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The last act in laying bare John Noel Mabey's big lie occurred on Tuesday but the danger to the public will go on for years.
After two years, Mabey, 45, finally admitted in the Thames District Court that the burglary in which he claimed his entire collection of 121 restricted firearms (pistols, machine guns and military-style semi-automatics) was stolen, was an elaborate fake.
Not that anyone had believed him for long. The suspicion of the police officer who originally attended Mabey's home at Hot Water Beach on the Coromandel Peninsula was borne out by ESR forensic staff and a locksmith who found that the damage done to the locks on the gunsafe occurred when it was open. They also concluded that the window, through which burglars had supposedly gained entry, had not been forced from the outside.
Mabey pleaded guilty a year ago to a representative charge of selling restricted guns but continued with his burglary story until now.
The reason for his belated change of heart was that he got an indication that it wouldn't result in him spending a day longer in prison. The public good in such a deal was that it saved the cost of a trial.
So Tuesday's hearing was what the lawyers and judge called "a washing up". Mabey was sentenced to one month jail for making a false statement, to be served concurrently with the 21 months he is serving for selling guns. That means there is no change to his automatic parole date of November 1.
There is much to learn from his case. The hearing may have been a washing up of judicial details but the legacy in terms of danger to the likes of bank tellers and dairy owners is far from tidied away.
Only 11 of 121 of Mabey's restricted guns have been recovered. The bottom line for the public is that 110 guns classified as the most lethal are almost certainly in the hands of criminals.
Mabey has not expressed remorse. He has refused police requests for information to help locate the guns and that is not expected to change now that he's admitted staging the burglary. "He probably has a greater fear of those associated with the guns than anything we can bring to bear," says Waikato district head of intelligence Greg Nicholls.
It seems an understatement to suggest Mabey's actions are self-serving. He belatedly admitted selling restricted guns on the black market only after police got evidence he'd been doing just that - and trading before he claimed he'd been burgled.
Pity the policeman who collected him for court from Waikeria Prison last week. Mabey is said to have grizzled throughout the two-hour drive.
Mabey gained a gun licence as a young man and until this episode had no criminal convictions. In 1985 a "Collector's Endorsement" was added to his gun licence entitling him to have restricted weapons such as pistols and machine guns (his collection included 113 pistols and five submachine guns).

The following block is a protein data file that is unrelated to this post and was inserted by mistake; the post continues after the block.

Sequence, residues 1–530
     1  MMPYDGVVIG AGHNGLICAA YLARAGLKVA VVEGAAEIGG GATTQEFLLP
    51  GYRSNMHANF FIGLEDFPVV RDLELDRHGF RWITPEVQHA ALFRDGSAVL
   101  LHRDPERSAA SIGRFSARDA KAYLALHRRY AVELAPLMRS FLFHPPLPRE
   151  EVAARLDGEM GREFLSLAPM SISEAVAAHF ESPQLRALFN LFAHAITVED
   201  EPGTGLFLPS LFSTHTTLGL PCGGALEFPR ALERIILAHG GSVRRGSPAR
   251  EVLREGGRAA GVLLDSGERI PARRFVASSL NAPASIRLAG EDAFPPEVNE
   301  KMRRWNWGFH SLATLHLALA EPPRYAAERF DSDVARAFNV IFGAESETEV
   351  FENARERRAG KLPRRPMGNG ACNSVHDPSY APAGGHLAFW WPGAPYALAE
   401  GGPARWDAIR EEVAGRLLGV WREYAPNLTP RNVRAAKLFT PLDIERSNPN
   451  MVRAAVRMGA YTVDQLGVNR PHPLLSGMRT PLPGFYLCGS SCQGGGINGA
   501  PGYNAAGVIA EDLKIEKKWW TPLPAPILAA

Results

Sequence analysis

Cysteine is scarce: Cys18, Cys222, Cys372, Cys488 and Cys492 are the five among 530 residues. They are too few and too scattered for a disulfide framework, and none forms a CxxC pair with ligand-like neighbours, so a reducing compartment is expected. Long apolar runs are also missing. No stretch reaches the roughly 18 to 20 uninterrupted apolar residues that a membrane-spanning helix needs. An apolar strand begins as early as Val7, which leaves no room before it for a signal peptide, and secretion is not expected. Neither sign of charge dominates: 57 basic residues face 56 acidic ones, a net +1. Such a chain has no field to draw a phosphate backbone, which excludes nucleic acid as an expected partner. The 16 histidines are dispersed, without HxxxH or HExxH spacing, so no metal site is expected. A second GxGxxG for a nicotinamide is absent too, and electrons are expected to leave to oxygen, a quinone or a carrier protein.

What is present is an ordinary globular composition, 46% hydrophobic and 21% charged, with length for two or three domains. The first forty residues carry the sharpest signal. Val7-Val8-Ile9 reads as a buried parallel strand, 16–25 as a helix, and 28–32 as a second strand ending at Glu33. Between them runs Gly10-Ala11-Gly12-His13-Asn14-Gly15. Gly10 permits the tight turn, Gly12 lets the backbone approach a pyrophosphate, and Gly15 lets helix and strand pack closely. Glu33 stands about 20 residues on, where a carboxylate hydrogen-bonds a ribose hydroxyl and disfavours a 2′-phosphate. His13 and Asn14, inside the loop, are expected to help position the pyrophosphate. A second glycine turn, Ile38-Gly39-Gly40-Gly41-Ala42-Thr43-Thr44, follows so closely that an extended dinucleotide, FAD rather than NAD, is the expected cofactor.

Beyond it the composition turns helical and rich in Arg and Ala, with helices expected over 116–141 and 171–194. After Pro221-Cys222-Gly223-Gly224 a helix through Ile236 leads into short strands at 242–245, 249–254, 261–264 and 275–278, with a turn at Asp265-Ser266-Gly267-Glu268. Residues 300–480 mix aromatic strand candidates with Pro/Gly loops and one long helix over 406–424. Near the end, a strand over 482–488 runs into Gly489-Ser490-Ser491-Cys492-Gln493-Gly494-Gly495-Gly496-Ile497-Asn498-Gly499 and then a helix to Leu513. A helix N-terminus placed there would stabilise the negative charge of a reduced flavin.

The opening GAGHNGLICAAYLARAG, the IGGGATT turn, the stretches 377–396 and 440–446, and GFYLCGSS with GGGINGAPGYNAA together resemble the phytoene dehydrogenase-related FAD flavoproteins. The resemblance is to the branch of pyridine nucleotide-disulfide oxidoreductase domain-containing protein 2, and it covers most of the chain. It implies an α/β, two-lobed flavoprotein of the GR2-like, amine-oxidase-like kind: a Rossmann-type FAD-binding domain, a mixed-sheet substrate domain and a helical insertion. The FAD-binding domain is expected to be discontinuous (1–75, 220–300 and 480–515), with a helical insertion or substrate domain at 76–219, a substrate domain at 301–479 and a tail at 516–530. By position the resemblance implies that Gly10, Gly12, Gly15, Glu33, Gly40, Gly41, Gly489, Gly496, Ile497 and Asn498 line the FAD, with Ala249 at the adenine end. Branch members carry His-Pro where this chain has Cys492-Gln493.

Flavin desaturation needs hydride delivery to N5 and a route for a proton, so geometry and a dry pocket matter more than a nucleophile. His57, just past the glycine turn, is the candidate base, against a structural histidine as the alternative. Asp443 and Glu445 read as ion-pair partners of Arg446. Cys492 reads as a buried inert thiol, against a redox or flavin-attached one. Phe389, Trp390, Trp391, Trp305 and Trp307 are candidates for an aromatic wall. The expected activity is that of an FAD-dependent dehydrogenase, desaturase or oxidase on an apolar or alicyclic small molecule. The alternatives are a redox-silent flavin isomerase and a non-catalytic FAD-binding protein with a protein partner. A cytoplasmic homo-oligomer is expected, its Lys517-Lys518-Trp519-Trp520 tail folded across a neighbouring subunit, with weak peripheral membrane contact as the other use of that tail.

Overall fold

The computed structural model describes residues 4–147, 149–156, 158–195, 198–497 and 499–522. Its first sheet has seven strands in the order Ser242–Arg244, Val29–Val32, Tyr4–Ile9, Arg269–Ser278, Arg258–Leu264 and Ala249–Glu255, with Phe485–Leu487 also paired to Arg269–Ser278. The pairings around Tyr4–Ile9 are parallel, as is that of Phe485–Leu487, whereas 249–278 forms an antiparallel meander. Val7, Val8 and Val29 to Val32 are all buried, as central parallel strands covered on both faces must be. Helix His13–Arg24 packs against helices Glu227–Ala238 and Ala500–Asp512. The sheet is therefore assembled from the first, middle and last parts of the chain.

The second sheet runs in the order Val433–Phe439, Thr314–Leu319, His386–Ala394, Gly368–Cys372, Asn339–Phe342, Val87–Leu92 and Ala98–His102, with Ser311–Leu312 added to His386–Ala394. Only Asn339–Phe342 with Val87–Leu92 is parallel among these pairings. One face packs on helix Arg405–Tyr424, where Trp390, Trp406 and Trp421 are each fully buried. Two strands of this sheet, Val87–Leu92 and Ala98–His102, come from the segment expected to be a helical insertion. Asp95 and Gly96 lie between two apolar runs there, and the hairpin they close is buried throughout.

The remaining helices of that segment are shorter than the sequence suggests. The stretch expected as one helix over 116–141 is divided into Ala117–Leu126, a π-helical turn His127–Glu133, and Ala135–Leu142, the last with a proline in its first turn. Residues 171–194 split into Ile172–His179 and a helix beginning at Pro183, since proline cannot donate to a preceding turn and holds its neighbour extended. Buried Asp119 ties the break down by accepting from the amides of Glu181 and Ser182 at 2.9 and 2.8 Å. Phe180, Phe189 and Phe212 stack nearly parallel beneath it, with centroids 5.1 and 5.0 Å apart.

In 1993, he got an "E" endorsement which allowed him to have military-style semi-automatics.
In addition to the restricted weapons, Mabey had collected dozens of other weapons (photos taken by police after the burglary claim show stacks of rifles and what appears to be a rocket launcher) kept in the open in the house he shared with his mother and teenager daughter.
He appears never to have lost his weapons licence but his case raises a question about the adequacy of character checks made of gun licence applicants. Mabey appears to have had a gang connection. He so prized a "personal invitation" to the Hells Angels 40th anniversary (in 2001), he had it framed and hung on his wall.
Shouldn't that have raised a question about his suitability to hold a gun licence? The short answer from police is "yes" - had they known.
As part of assessing whether someone is fit and proper to hold a gun licence, who they associate with is taken into account, explains superintendent Tony McLeod, national manager of operations. That's because of the possibility of those the licence-holder mixes with getting access to his guns. A connection to a criminal group would certainly be relevant, says McLeod.
After years of apparent compliance, what changed for Mabey?
Tipping point appears to have been financial pressure. He'd taken out a loan of $576,000 and was unable to repay almost $70,000 in interest six months later.
Obese and in poor health, income was negligible from his stated occupation of farm contractor. He needed cash. His one valuable asset was his restricted gun collection.
Sold on the black market, each item can fetch many times its shop price, says Nicholls. The simple reason is that the buyer is unlikely to be assessed as fit to hold a gun licence.
Mabey's trade was lucrative. Police established one of his pistols sold for $7000. Jason Edward Evans, 31, a drug addict and drug dealer who found buyers for Mabey, told police he'd arranged the sale of 30 to 40 pistols for between $4000 and $10,000 each.
The police cannot be accused of having failed to check on Mabey (as appears to have occurred in the case of Napier gunman Jan Molenaar). It was notification that his collection was to be audited that prompted Mabey to fake the burglary in order to explain the absence of the guns he'd been selling.